Forrester: Fake servers like recessions
Even if you don't
Ah, there's nothing like a recession to kick IT industry trends into a higher gear - and get those IT analysts out there preaching change and cost cutting.
Today, it was Forrester Research's turn to talk up virtualization on servers and PCs as well as cloud computing as part of its sales pitch for two new reports it has put out casing the climate in data centers these days.
Those reports - called The State Of Emerging Enterprise Hardware Trends: 2008 To 2009 and The State Of Emerging SMB Hardware Trends: 2008 To 2009 - are based on a survey that Forrester did with 2,600 IT managers and other decision makers in the United States and across Europe to gauge their current and future plans with regards to various technologies and strategies.
This is a much large sample than we typically see behind such studies, but you have to bear in mind that this survey was done in the third quarter of 2008, before the global economy went on the fritz in a big way. Moreover, with the studies costing two grand a pop, you would expect a larger survey sample and more details.
According to the tidbits that Frank Gillett, the principal analyst at Forrester who put together the two reports, some 54 per cent of large companies polled have already implemented server virtualization in one form or another on some of their machines or will do so in the next 12 months. The statistic, as it turns out, is nearly the same for small and medium businesses. 53 per cent of SMBs reported they have done the fake server thing already or will do so within the next year.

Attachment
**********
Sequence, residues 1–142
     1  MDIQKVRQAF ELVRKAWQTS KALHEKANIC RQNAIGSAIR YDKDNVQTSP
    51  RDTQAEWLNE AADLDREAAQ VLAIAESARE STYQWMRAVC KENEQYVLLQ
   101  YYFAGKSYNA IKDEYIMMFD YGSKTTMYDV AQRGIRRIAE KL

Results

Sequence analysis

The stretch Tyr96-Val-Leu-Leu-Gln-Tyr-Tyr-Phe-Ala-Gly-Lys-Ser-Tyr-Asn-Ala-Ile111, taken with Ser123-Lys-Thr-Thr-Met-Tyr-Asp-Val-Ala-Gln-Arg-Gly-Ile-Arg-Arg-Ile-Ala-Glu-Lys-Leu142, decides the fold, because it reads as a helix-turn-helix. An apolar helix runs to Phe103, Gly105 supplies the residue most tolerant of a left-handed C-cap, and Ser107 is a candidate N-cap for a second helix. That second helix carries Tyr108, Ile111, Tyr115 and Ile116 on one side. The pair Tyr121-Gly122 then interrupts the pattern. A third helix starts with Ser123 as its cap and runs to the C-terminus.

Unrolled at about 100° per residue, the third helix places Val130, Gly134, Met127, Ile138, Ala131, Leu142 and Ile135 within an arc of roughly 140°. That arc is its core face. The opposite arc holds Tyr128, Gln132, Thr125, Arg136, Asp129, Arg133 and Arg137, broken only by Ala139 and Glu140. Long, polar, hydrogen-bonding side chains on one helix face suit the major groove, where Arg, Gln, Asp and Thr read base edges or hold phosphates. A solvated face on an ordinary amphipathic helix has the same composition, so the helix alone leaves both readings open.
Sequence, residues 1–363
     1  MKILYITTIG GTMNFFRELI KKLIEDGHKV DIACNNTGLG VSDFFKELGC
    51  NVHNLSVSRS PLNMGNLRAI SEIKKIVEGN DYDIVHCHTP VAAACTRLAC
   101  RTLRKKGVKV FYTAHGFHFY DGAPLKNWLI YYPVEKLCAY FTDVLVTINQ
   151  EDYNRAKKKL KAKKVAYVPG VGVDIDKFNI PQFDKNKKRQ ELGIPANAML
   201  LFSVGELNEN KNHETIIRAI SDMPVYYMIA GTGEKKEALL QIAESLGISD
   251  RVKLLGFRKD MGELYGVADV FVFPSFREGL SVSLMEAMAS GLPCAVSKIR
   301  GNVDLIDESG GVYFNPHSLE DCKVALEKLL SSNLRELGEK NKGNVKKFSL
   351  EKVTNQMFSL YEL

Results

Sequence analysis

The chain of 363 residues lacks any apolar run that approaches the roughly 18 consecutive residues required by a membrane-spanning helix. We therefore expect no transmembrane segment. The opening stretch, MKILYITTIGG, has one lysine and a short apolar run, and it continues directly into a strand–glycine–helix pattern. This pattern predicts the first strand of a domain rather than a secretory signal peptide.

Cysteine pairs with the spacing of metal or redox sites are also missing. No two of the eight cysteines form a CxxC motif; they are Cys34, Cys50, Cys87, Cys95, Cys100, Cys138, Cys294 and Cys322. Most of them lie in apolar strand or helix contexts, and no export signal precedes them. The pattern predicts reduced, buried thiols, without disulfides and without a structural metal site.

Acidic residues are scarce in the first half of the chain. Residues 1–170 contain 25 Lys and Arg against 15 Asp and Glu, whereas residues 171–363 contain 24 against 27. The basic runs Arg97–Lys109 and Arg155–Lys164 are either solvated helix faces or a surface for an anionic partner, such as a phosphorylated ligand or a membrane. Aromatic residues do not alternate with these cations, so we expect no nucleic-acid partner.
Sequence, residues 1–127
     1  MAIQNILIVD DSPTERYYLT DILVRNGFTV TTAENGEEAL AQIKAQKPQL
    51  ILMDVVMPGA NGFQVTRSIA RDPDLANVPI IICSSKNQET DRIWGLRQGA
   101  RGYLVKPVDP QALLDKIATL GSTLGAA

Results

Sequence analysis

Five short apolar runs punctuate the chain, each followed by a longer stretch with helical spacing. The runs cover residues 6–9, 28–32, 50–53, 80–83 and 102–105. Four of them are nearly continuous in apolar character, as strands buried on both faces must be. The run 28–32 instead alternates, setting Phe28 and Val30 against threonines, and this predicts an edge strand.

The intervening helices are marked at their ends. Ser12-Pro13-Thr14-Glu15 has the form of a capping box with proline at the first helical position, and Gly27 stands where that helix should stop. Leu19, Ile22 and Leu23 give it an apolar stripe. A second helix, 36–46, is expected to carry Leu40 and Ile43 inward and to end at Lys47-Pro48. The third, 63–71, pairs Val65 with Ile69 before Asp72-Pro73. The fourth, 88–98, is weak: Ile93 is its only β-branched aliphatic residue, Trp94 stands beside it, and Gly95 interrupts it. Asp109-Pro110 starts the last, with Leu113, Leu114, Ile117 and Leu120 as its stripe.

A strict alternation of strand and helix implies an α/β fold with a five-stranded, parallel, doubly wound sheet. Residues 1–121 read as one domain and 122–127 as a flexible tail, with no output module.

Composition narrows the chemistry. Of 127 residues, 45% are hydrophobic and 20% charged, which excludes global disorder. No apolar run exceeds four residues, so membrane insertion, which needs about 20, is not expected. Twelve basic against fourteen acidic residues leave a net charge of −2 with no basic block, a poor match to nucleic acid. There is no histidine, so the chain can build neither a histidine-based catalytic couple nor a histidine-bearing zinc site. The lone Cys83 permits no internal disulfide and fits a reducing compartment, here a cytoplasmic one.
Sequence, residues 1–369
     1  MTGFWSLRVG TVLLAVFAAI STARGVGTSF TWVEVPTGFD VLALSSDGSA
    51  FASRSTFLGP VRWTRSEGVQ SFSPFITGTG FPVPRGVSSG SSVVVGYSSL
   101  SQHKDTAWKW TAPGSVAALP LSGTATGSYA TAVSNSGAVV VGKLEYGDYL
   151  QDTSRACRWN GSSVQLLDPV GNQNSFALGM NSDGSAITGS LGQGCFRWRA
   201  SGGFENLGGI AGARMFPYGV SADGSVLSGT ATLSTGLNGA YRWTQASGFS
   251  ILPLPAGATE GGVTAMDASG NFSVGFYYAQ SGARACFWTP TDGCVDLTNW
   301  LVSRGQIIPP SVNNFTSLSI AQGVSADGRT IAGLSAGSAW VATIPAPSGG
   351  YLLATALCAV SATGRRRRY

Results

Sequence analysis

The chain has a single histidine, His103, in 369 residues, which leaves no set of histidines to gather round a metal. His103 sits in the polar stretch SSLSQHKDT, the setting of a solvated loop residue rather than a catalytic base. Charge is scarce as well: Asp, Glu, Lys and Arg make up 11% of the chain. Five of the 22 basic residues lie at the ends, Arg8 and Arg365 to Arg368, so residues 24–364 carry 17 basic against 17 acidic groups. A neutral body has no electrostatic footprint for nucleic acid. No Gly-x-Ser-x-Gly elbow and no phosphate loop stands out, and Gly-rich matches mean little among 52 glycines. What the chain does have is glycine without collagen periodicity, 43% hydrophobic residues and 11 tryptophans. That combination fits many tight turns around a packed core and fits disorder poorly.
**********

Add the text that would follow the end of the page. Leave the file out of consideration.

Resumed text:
Now, the fact that a little more than half of the companies polled report that they have monkeyed around with server virtualization in its many forms is not the same thing as saying half the servers at these companies have been virtualized, and it is surely no indication of what percentage of production servers have been virtualized. Test and development took a shining to virtualization early, and given the nature of the job - messing around with lots of software stacks and testing code before putting it into production - this is what you would expect.
Getting web servers and other infrastructure workloads virtualized is also comparatively easy and has a fairly big and immediate payback. But virtualizing the kind of mission-critical applications that tend to run on bigger boxes (application servers, database servers, and such) is much more problematic.
Attach Rate Shrink
And that is why the current attach rate of virtualization products on x64 machinery is estimated by Gartner to be at somewhere between 25 and 30 per cent. That figure was cited to me by Simon Crosby, the chief technology officer for the XenServer products at Citrix Systems, as part of the Essentials bundles Citrix announced last week. (I dropped that bit of data into a story about virtualization uptake on IBM's Power Systems iron to give a sense of contrast). Cosby said that Gartner expected virtualization to have a 50 per cent attach rate on x64 iron by 2010. But these attach rate numbers for virtualization sound high to me.